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MANITOBA ADOPTS IHRA DEFINITION OF ANTISEMITISM

Jewish Federation press release, October 28, 2022

 

Jewish Federation of Winnipeg  applauds adoption of framework to identify, understand, and combat antisemitism

Winnipeg, MB – October 27, 2022 – Today, Manitoba became the sixth Canadian province to adopt or commit to using the International Holocaust Remembrance Alliance (IHRA) working definition of antisemitism in its dealing. 

The IHRA working definition of antisemitism provides policymakers, law enforcement, and community leaders a tool to identify, understand, and combat contemporary forms of antisemitism in public life, the media, schools, the workplace, and in the religious sphere. IHRA is the consensus definition of antisemitism that best reflects lived experience of Jews today. Developed by IHRA’s Committee on Antisemitism and Holocaust Denial, it is grounded in the research of the world’s foremost experts on antisemitism and the Holocaust and is supported by the UN, EU, and 30 countries including the US and Canada. It is also being used by Ontario, British Columbia, Quebec, Alberta, and New Brunswick.

“Premier Heather Stefanson’s adoption of the IHRA definition of antisemitism is a clear affirmation of the Manitoba government’s recognition of the surge in hate targeting Jews and the need to counter this rise,” said Shimon Koffler Fogel, President and CEO, Centre for Israel and Jewish Affairs. “Defining antisemitism is the first step in recognizing its manifestations, which is key to standing against it. Today, Manitoba joins governments across the country to say that enough is enough. Canadians cannot stand by and allow Jew-hatred to spread unchecked. This is especially important because history has repeatedly demonstrated that what begins with the Jews never ends with the Jews. This is a victory for all who stand against hate – no matter what group is the immediate target.”

As antisemitic incidents in Canada continue to rise, the need to counter them is urgent. The IHRA definition provides a critical framework to guide officials in addressing this rise in hate and discrimination. Manitoba’s organized community representatives, including the Jewish Federation of Winnipeg and CIJA, have consistently advocated for the endorsement of the IHRA definition. The adoption of IHRA signals that the Government of Manitoba recognizes the struggle faced by the Jewish community and that they stand in solidarity in the fight against Jew-hatred and all forms of hate.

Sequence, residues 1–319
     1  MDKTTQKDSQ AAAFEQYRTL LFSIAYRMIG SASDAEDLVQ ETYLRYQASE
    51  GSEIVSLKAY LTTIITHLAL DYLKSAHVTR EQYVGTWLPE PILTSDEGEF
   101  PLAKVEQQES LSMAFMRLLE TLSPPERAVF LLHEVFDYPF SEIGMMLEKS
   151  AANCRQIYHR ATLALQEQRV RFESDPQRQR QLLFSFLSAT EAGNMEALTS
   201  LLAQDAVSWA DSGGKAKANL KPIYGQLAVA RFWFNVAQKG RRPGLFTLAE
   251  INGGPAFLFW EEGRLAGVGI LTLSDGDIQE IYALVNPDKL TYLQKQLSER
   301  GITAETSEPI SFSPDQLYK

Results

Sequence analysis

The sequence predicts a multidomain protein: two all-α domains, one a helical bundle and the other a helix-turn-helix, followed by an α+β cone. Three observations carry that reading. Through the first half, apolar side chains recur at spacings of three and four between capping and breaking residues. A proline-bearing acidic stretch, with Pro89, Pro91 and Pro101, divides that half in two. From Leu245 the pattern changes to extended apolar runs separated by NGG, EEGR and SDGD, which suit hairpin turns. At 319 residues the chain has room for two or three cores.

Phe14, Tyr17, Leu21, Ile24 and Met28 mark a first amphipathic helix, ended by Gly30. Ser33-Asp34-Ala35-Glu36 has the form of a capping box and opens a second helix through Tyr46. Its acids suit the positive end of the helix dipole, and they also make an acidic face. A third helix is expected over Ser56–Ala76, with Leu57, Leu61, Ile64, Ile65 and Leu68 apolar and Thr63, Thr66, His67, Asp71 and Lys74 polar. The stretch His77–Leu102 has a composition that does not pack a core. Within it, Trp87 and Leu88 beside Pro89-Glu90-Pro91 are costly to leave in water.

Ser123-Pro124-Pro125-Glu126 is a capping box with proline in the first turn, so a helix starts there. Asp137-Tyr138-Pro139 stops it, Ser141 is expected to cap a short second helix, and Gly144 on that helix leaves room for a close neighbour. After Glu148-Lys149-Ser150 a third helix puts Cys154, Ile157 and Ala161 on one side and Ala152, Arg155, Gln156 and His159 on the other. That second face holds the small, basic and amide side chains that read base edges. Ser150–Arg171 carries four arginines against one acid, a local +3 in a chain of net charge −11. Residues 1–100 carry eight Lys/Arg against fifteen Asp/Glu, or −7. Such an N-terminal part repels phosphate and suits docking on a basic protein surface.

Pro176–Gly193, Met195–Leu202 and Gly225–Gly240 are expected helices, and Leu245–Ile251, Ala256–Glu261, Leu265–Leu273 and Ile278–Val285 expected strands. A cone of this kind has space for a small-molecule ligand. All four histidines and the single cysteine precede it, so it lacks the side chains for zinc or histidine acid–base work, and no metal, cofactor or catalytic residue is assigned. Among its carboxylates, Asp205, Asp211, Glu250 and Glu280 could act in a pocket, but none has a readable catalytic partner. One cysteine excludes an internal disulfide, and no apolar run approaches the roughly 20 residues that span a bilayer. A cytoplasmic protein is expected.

Today, Premier Stefanson and the Government of Manitoba sent a strong message that antisemitism has no place in society,” said Gustavo Zentner, President of the Jewish Federation of Winnipeg. “To combat antisemitism effectively, it must first be defined. The IHRA definition will help Manitobans identify and combat antisemitism in all its forms. With antisemitic hate crimes on the rise across the country, fighting antisemitism is a priority – not just for the Jewish community, but for all Manitobans and for all Canadians.”

“Our government is proud to stand united with the Jewish community here in Manitoba and around the world,” said the Honourable Heather Stefanson, Premier of Manitoba. “Antisemitism has no place in our communities, and today is an important step forward in our collective commitment to ensure we build an inclusive and safe society, and a future full of hope and opportunity for our future generations.”

While details of the rollout and adoption of the IHRA definition in various applications are still being formalized by the government, the community is encouraged that, through IHRA, Jewish-lived experience will now be reflected in the official understanding of antisemitism. 

To learn more about the adoption of IHRA in Manitoba, visit https://news.gov.mb.ca/

 

The IHRA non-legally binding working definition of antisemitism:

“Antisemitism is a certain perception of Jews, which may be expressed as hatred toward Jews. Rhetorical and physical manifestations of antisemitism are directed toward Jewish or non-Jewish individuals and/or their property, toward Jewish community institutions and religious facilities.”

Full details and contemporary examples of antisemitism can be found here.

 
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Rhonda Spivak, Editor

Publisher: Spivak's Jewish Review Ltd.


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